Advisor: Dr. Ralph Sorensen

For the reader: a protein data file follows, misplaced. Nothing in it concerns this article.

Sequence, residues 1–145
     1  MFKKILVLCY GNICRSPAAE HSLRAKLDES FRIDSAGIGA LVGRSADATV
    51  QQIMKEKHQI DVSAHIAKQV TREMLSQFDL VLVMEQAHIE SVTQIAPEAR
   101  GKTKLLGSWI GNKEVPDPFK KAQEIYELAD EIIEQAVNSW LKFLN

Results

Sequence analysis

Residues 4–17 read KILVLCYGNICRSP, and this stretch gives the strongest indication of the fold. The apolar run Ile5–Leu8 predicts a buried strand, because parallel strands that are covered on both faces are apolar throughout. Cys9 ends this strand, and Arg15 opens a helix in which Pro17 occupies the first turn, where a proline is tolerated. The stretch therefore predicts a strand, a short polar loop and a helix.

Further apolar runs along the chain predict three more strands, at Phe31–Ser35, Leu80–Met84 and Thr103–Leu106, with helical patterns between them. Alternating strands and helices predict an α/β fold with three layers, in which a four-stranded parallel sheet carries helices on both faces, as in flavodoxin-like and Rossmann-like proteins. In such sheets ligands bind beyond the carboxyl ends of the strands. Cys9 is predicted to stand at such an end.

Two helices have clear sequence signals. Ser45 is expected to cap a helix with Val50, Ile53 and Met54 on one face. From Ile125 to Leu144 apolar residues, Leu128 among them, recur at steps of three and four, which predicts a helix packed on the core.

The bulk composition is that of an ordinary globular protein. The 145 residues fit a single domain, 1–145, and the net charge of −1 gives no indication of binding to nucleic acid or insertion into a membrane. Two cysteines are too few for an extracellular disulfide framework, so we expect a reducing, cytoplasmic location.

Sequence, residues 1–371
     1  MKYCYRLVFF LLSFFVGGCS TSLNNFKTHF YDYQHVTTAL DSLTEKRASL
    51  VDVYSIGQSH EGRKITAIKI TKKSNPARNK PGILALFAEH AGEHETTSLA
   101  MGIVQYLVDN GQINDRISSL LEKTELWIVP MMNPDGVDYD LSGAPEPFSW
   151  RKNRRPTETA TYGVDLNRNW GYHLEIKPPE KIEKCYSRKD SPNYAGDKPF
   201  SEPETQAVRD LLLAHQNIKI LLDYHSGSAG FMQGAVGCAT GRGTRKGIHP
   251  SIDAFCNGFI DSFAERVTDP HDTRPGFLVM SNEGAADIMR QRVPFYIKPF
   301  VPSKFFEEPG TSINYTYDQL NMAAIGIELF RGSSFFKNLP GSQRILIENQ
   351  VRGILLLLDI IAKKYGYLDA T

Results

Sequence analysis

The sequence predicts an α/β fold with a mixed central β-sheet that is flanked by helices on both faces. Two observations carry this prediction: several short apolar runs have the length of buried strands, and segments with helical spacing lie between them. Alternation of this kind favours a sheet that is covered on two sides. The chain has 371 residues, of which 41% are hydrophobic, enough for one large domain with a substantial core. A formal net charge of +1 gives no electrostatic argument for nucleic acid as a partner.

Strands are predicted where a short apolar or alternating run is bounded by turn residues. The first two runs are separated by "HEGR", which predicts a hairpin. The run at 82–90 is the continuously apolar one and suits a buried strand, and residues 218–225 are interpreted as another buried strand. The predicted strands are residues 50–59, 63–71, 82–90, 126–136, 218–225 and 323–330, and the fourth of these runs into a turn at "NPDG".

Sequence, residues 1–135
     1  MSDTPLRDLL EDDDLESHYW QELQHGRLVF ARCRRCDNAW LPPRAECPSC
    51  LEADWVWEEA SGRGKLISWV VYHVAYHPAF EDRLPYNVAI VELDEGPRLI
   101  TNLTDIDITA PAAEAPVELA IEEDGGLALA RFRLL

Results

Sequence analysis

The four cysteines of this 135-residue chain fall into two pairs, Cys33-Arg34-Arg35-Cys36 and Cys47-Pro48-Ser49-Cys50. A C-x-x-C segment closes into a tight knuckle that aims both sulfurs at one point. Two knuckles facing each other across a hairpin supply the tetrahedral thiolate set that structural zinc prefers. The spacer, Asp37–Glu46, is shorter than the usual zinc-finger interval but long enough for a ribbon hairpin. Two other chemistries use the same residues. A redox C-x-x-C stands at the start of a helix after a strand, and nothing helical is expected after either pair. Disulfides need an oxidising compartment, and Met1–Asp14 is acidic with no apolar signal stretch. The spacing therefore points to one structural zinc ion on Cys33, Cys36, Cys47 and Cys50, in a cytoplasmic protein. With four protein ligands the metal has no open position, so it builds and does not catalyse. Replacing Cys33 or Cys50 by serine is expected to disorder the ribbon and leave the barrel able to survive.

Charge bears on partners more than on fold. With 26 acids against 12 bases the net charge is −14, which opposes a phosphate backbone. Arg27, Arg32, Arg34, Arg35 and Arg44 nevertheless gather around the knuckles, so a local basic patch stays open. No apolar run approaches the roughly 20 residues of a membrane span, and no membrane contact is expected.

Endocytosis is the process by which cells are able to obtain nutrients from their external environment, cleanup cellular debris, down-regulate surface receptors, and uptake pathogens in immune responses. Metastatic (secondary) cancer cells, in contrast to primary cancer cells, cannibalize brother cancer cells for nutrition. It is unclear what method of endocytosis is employed by cancer cells to engulf brother cells. One possible endocytic process is macropinocytosis, a non-specific, bulk uptake of extracellular fluid and its contents. Amiloride is a specific inhibitor of macropinocytosis. In contrast, hyaluronate has been shown to stimulate macropinocytosis. Experiments were conducted to measuring the kinetics of fluorescent polystyrene bead uptake in B16-F10 murine melanoma cells. This process was inhibited by amiloride and stimulated by hyaluronate in a dose-dependent manner suggesting that polystyrene beads, and, by extension, brother cancer cells, are taken up by melanoma cells using the process of macropinocytosis.